Damn those liberal college professors!

Well, I have to say I agree with the OP’s premise: in a classroom, God (assuming he/she/it exists) definitely would be more appropriate than safe sex.

Talking about safe sex, however, is IMO at least as appropriate in a classroom setting as talking about God. :smiley: And I agree that your prof has a real nerve thinking that outright religious proselytizing is an acceptable topic for a Public Speaking demo while an advocacy speech on a tremendously important public health issue is not.

SFT: * Professor X told me that she did not want to be “morally responsible” for anything my speech might lead to*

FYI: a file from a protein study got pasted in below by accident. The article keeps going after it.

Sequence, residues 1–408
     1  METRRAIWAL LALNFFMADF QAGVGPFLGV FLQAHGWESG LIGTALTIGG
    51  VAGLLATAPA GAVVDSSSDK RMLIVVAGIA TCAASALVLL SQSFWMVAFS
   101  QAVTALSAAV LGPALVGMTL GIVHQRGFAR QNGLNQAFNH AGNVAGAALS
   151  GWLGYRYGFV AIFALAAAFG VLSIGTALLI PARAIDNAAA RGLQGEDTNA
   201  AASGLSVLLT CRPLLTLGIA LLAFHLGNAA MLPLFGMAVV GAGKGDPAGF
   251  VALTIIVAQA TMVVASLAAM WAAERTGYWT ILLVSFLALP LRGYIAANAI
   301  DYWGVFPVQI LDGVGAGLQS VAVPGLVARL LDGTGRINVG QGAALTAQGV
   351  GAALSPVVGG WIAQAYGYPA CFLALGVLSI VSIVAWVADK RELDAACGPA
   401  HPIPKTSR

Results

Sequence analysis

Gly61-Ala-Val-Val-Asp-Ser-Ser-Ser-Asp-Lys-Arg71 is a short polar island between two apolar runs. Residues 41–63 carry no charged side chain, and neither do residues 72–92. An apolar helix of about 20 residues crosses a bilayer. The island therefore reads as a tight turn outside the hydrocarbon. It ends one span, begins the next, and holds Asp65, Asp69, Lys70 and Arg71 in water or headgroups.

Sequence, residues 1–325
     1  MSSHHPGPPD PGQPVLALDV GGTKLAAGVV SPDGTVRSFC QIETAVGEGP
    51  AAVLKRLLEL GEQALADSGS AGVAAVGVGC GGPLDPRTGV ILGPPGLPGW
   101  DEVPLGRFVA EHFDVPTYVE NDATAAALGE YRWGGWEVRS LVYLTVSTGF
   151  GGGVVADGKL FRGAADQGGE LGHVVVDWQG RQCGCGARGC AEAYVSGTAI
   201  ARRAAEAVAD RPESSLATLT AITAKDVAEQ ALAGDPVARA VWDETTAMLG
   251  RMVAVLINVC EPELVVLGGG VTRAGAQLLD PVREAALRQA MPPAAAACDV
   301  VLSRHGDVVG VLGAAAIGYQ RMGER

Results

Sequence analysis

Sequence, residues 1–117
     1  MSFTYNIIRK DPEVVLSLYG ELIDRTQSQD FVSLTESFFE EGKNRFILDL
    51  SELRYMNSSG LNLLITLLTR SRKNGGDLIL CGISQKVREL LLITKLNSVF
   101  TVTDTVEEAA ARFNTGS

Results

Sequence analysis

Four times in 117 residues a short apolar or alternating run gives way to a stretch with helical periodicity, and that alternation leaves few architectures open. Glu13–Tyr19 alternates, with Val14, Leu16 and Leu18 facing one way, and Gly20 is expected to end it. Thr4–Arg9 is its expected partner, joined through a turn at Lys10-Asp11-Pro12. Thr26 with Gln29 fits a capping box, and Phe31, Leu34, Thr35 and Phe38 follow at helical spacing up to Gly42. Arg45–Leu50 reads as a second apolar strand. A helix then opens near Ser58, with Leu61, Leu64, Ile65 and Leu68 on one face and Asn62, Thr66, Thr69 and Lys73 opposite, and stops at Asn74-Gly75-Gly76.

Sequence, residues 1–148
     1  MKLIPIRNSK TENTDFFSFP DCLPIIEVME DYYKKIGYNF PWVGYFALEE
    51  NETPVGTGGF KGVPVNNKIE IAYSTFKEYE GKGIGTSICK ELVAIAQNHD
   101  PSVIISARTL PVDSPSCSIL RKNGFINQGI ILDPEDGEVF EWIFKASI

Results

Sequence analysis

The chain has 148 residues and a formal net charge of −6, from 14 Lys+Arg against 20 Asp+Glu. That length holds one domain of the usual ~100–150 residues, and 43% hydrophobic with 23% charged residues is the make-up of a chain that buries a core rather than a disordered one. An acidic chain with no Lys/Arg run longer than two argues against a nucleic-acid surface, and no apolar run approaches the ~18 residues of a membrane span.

I hope the old bitch keeps that in mind if any of her little “approved-topic” fire-and-brimstone classroom evangelists ever scares a depressed classmate into a suicide attempt with their talk of sin making you “an enemy of God” and “a target for God”. Fucking rank hypocrisy.

So, follow the professor’s dictates and do a ‘call to action’ speech on abstinence. The call to action here should be to shitcan it.

  1. Abstinence is a valid method of birth control.
  2. It doesn’t work very well though.
  3. Because of its high failure rate, emphasis for sex education should be on safe sex and not on abstinence.

You can equate failure to abstain with torn condoms or diaphrams; these failures don’t necessarily lead to pregnancy or STD’s, but the likelihood of the same is higher without any protection at all. That, and the fact that every failure to abstain and use safe practices is a failure.

This speech is about abstinence, not about safe sex.